Mat: To me, that move doesn't seem cynical though. It doesn't seem like you've let Dinosaur Comics' long tenure on the internet turn it into something that exist purely to trade on people's nostalgia for it. It doesn't seem like you'd write a book based on a shirt if you didn't think there was more to that idea. For other webcomics artists it seems inevitable that their projects end up abandoned or in a slow decline. Do you think the internet ecosystem could be structured differently artists' interest in old ideas going?

Ryan: I'm super happy to be known as the Dinosaur Comics guy. I think it's a good strip and I still like making it!

I feel like if I was still doing Dinosaur Comics and only doing that, I'd be frustrated. There are things you can't do [in the Dinosaur Comics format] like a choose your own path story. The nice thing Dinosaur Comics has given me is that it's not a full-time job and I can do other stuff. Since Dinosaur Comics is a baseline for me with my tiny bosses, the other stuff doesn't need to succeed. It doesn't need to be a moneymaker, so I can take the risk and say "I'm gonna do a CYOA Shakespeare — I don't know if people will like that!"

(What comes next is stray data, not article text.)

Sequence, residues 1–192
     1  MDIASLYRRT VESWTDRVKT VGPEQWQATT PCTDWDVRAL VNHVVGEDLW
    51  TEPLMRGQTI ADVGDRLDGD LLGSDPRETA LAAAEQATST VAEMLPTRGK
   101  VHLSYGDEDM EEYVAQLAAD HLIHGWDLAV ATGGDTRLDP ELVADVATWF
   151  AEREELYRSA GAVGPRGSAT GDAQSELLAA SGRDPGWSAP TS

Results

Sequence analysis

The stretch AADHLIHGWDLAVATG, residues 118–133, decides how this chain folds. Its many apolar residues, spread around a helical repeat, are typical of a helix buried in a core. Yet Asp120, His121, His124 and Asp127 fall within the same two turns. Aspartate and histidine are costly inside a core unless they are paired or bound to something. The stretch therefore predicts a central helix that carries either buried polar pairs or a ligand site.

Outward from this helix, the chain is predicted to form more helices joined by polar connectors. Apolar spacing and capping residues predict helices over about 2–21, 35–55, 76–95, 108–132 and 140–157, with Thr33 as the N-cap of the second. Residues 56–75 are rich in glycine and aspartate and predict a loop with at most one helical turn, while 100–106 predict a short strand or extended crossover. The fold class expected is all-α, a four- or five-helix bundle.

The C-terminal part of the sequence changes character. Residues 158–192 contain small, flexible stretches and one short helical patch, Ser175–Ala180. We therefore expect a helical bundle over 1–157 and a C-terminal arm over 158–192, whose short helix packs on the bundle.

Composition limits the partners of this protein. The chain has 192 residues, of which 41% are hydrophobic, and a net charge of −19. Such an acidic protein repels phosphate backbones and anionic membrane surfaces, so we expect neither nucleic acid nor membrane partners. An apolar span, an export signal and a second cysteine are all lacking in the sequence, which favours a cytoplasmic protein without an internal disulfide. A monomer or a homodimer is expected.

It's a lot easier to quit a job or to fail to get a job when you know you're not risking your long-term health to do it.

I think the safety to take risks is important in any creative work because if you can't, you're not going to be as creative as you could be. Stuff like Patreon helps because it's reliable compared to a new shirt no one likes. Things like Kickstarter can help because they help you gauge interest before an idea exists, with the caveat [being] now you have to make the idea.

I will also say, I think stuff like Canada having a better social safety net when it comes to healthcare helps a lot. It's a lot easier to quit a job or to fail to get a job when you know you're not risking your long-term health to do it. That you can still walk into a hospital and get looked at for free because you live in a country with medicine. That's something you can work on.

But yeah, the more artists can be supported — the less risk they have to take to their financial and physical well-being — the more art you're going to get. That's hard, and I think it's getting harder with the way things are now, where you'll read a bunch of viral comics, you won't know who made them and you won't look for more because nothing's encouraged you to, the systems you're in are designed not to make you do that.